Layoffs. Crumbling budgets. Foreclosures. Rising unemployment. Crisis. These words pepper the headlines of newspapers across the nation. And unfortunately, Georgia too. Today, our state faces a financial crossroads: either we continue down the same worn path of fiscal mismanagement or we pave a new road of fiscal sanity for Georgia.
This is an open letter to Allen Davis, president of the Coastal Estuary Protection Association, Inc.
Can you put a price on sight? A limb? A healthy newborn? The Georgia Supreme Court says no.
I love this time of year. All the lights and decorations really can make our community look pretty. It would be wonderful if we all made that kind of effort all year long.
It started accidentally. Some good ideas and memorable moments are like that. They aren't planned. They're born, bringing with them an ability to nudge a way naturally into our lives and become a tradition.
Moms want everything and nothing at all. We want to be everywhere at once and also nowhere to be found. We want to impress everyone, handle every chore imaginable and spend every waking second bonding with our children. We also want to totally escape from life. Failure to accomplish this leads to immense guilt and, occasionally, foul moods.
Editor, In my humble opinion, the failure of the Special Purpose Local Option Sales Tax was not a criticism of the tax, but rather of the excessive - and perhaps arrogant - spending of our tax dollars by our elected officials. The threat of the new Transportation SPLOST, another tax, was maybe another factor.
Editor, "it's gr8 dy.h.a mtg @ d mal l8r"
Editor's note: U.S. Rep. Buddy Carter, R-Georgia, and other area elected officials will contribute periodic columns during the upcoming legislative sessions. This is a report about orientation that he went through last week.
I was on St. Simons Island last week, scarfing down massive amounts of corn-fried shrimp at the exquisite little Georgia Sea Grill, when someone came to the table to inquire if Junior E. Lee had finished his analysis of the recent election. That really puffed up Junior when I told him.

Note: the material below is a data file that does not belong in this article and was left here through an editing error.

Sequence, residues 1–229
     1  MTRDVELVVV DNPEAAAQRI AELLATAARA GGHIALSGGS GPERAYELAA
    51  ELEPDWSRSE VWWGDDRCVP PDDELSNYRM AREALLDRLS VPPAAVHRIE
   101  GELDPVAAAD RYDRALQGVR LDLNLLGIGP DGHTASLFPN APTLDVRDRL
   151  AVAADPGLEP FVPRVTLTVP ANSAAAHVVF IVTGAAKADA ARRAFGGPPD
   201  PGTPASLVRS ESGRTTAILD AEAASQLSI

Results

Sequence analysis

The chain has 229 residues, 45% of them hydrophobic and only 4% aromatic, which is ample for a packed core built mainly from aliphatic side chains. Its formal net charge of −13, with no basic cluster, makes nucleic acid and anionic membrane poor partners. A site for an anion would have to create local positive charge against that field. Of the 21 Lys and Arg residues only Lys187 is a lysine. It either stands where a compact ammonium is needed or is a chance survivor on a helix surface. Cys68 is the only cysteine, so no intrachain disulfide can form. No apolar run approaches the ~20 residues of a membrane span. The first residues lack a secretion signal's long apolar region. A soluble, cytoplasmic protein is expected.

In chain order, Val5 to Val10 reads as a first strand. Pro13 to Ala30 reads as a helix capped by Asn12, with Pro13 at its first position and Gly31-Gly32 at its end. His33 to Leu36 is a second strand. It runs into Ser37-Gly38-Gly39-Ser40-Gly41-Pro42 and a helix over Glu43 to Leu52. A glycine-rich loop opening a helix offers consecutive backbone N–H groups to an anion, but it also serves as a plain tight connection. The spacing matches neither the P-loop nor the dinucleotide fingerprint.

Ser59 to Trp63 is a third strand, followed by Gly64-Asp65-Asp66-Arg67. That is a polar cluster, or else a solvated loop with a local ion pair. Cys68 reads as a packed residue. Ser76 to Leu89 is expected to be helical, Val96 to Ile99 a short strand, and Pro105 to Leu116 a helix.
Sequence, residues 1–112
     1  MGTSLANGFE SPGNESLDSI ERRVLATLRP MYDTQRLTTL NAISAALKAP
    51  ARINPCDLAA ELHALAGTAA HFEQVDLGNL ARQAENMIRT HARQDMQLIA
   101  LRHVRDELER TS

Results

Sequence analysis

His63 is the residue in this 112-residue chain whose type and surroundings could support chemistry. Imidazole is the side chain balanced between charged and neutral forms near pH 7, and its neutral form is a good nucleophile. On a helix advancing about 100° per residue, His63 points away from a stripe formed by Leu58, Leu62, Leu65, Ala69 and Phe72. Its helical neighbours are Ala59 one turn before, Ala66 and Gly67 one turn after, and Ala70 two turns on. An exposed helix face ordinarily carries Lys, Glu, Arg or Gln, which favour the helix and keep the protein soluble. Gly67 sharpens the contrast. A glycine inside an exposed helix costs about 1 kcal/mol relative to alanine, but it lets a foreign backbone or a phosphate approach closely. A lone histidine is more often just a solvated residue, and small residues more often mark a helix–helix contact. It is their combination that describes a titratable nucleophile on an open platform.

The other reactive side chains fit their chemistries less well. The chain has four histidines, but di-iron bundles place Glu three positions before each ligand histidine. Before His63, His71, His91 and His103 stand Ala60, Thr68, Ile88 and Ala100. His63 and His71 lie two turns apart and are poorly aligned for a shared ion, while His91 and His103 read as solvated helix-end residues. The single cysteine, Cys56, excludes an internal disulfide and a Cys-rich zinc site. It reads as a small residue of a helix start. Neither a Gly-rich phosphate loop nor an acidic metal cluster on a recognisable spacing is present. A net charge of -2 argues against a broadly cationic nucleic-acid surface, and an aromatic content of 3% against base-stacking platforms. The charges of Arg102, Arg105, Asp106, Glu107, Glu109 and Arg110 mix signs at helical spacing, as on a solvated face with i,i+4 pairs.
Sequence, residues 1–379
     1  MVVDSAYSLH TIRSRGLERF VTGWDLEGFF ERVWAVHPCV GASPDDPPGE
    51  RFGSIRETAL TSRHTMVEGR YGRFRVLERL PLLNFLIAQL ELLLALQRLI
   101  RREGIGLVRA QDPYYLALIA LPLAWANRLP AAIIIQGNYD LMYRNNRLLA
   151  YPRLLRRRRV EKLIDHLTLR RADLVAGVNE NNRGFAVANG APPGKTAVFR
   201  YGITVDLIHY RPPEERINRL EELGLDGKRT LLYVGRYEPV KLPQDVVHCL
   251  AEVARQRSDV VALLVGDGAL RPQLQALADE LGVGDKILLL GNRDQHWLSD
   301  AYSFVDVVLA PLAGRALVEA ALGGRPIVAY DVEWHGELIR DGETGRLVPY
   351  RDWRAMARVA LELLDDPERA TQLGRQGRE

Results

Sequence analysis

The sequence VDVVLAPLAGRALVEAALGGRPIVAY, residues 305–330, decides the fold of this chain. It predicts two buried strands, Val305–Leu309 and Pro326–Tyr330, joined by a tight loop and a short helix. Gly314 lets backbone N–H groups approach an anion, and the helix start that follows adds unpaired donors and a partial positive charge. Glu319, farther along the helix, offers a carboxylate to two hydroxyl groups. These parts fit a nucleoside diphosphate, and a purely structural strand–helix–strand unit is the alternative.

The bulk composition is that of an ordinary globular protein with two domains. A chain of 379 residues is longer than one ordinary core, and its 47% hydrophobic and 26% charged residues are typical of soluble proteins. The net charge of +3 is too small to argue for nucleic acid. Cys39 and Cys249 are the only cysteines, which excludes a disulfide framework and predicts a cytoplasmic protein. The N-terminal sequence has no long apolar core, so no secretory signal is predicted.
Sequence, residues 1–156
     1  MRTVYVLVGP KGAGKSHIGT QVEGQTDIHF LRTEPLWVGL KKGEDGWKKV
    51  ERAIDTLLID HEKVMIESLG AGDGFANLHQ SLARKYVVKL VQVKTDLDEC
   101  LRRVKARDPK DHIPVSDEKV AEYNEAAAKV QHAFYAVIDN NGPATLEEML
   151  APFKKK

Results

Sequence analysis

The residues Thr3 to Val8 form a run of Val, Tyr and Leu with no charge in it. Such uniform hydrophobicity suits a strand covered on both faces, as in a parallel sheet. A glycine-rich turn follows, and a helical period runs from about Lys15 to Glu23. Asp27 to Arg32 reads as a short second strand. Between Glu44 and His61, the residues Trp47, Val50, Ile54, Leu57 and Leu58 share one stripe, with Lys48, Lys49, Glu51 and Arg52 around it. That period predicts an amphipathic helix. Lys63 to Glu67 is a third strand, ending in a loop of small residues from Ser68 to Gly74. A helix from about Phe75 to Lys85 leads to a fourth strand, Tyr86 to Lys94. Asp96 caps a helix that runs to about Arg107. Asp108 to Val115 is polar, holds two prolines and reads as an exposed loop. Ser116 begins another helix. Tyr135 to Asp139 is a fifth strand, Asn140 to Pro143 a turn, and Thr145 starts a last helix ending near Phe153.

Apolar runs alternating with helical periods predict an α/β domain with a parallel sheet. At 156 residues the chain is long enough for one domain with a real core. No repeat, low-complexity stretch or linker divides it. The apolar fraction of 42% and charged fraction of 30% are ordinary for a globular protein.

Editor, Why did SPLOST fail? Just take a look at the article in Sunday's Coastal Courier: "City council looks at property-tax increase."
One afternoon, I had a hankering, a primal-like craving, for a supper of pinto beans and cornbread with a tall glass of cold, rich buttermilk thrown in for good measure and extra filling.
Typically, I use this weekly column to address parenting issues, reflect on challenges faced by (fairly) new moms and provide what I hope are amusing anecdotes that stem from daily life encounters with a toddler. This Sunday, though, I'm going to explore a topic that's more indirectly related to - but still very much a part of - child-rearing.
I really do love the holidays - but I cringe as we also approach the trashiest season of the year.
Editor, Hinesville Military Affairs Committee's second Veterans Salute was Nov. 1 at Bryant Commons, 438 West Oglethorpe Highway. It was a cold and windy day, but that did not stop or hinder our spirit.
Show support for Marne Division Monday at listening session
Editor, The members of Hinesville Military Affairs Committee would like to thank everyone in the community who contributed to the silent auction held during the second annual Veterans Salute on Nov. 1.
This is a story I shared with some of you a couple of years ago, but given the well-deserved tributes this week to our veterans, it seems an appropriate time to share it with all of you. It is about a terrorist; an honest-to-God terrorist. Not only does he not deny the appellation, he's proud of it.